The sweet potato gratin is moan-inducing, too, with tender golden sweet potatoes bathed in a ricotta sauce that conceals a bed of dulcet prunes. Moist and singing with sage, the savory mushroom bread pudding stole the second meal by evoking and updating fuzzy Thanksgiving memories.
At last, dessert pushed holiday-like satiety into inability-to-breathe territory, but it was worth it. The salted butterscotch pots de crème, served with homemade ginger snaps, requires a deep dive down to the cup's bottom. The Bananas Foster omits the tired tableside pan of flaming bananas and is instead constructed as a silky wonder in a glass.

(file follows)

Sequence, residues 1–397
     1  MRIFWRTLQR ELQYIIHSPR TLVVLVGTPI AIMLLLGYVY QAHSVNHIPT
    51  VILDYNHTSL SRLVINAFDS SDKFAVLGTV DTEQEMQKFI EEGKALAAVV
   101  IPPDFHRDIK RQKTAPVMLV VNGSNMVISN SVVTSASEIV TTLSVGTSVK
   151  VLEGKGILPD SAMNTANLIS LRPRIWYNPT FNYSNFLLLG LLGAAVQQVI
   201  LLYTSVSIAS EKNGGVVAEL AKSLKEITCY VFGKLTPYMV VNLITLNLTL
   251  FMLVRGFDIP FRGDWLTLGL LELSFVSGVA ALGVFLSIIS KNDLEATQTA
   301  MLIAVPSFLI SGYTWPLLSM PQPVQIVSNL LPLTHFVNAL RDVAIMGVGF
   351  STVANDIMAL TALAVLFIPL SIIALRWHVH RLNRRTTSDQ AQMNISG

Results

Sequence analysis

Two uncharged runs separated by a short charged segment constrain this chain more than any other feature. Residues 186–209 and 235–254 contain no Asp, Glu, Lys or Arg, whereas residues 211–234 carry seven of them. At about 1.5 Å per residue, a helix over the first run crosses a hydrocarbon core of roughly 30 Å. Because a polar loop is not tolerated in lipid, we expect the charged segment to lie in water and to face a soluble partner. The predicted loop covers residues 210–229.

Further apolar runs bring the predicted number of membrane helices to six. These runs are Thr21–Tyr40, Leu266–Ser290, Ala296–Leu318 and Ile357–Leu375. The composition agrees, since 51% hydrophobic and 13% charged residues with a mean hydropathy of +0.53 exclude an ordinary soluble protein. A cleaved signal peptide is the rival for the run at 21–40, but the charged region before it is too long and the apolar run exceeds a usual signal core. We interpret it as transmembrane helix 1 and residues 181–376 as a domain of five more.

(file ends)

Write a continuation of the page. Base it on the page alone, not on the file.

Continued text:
In paying homage to the classic steakhouse, NanaSteak is best when it breaks with tradition, rewriting the rules of the most standard ostentatious fare. That presents some challenges, with some big misses mixed among major hits. NanaSteak has worked on the problems, though it hasn't perfected them. Still, when I pushed away from the table, I'd finished the feast I'd sought.
This article appeared in print with the headline "High Stakes"